College Media’s Future: Should Student Journalists Be Paid?

The Orient as we know it is dying.  The Bowdoin College student newspaper is bleeding money from its coffers at a pace that will soon make printing actual copies an unaffordable luxury.

In an easy-breezy blame game, the big fat target is the college’s SAFC.  Last fall, the Student Activities Funding Committee suddenly sliced the school’s annual contribution to the Orient budget by more than 50 percent.  Its funding allotment this year is only slightly higher.  And so, unexpectedly in need of mega-amounts of cash, fast, where has the paper turned?  An independent Orient savings account.  The plot thickens.

This independent account contains revenue from the newspaper’s subscriptions and advertising sales.  It has traditionally been used by the Orient editorial board to cover a slew of costs, most prominently providing stipends for reporters, editors, and other staff.  So in sum: For years now, related school funding has gone toward Orient printing charges.  Simultaneously, the paper’s own ad/subscription revenue has gone mostly toward staff pay.

As a former editor in chief explains, “The Orient began paying weekly stipends to staffers years ago. The editors determined that doing so creates incentives to do good work and inspires a sense of obligation in a perpetually distracted staff. . . . It now appears that the funding committee is trying to strong-arm the Orient into using [the paper’s independent account] to cover the bulk of printing and distribution costs, making it untenable for the editors to continue paying their staff.”

The SAFC strong-arm tactic is certainly inelegant for its abruptness.  But its larger point of protest is at least worth exploring.  What the SAFC seems to be saying with its budget slash: The school helps pay for campus events and organizations, not the students who run them.  So while it’s nice that the paper can afford to pay its staff, it should first cover its own printing.

The Orient‘s retort: Chicken meet egg.  Without motivated student journalists, there will not be any (quality) content worth printing.  As the e-board argued in a recent editorial, “The Future of the Orient:

“The SAFC has the College’s best interests at heart. It intends to allocate its large budget as fairly as possible, and from its eyes, the Orient‘s existing savings imply that it does not require as much help from the SAFC as those non-revenue-generating clubs without independent accounts. . . . But the SAFC’s aims to level the playing field are not just.  The Orient provides an essential service to the College, and has done so since 1871. It has the right to maintain a personal account and not be at the SAFC’s mercy for every cent.  If we can count on the SAFC to cover the cost of printing, we will continue to have the incentive to produce a good newspaper that generates the revenue that takes care of everything else.”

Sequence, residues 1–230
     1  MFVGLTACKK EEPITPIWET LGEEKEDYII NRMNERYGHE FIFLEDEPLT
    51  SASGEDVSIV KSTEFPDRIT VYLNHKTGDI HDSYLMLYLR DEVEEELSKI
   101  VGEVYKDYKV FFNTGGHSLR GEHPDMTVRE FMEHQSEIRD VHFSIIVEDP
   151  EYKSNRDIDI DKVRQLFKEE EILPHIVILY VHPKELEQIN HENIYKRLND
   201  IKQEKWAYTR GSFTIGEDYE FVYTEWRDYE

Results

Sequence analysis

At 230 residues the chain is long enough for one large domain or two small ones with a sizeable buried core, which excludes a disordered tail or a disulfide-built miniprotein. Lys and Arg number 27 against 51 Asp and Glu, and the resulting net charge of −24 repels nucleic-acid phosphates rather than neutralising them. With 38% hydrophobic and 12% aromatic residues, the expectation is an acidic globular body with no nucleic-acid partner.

What do you think? Should the opportunity to learn journalism firsthand, scrape together bylines, and build a resume be incentive enough for the 21st-century j-student?  Or should college media staffwork be considered something worth paying for, a necessity on par with a quality printer and an active Web presence?

6 Responses to “College Media’s Future: Should Student Journalists Be Paid?”
  1. I think it depends more on the size of the school and the paper than anything else. The Acorn, the newspaper here at Drew University, is published weekly by a staff that I estimate at between 70 and 90 people. 90 would be nearly a quarter of one class year of Drew students, assuming there’s an average of 400 students per class, which sounds about right.

    A few years ago, a small group of us went to an ACP event in DC. In one workshop, someone asked the speaker about ways to encourage reporters to get their stories in on time. “Just dock their pay,” he said. He suggested that if the amount of money the reporter is paid goes down more for every day it’s late, you’ll be better off. My Acorn cohort and I were flabbergasted. Pay people?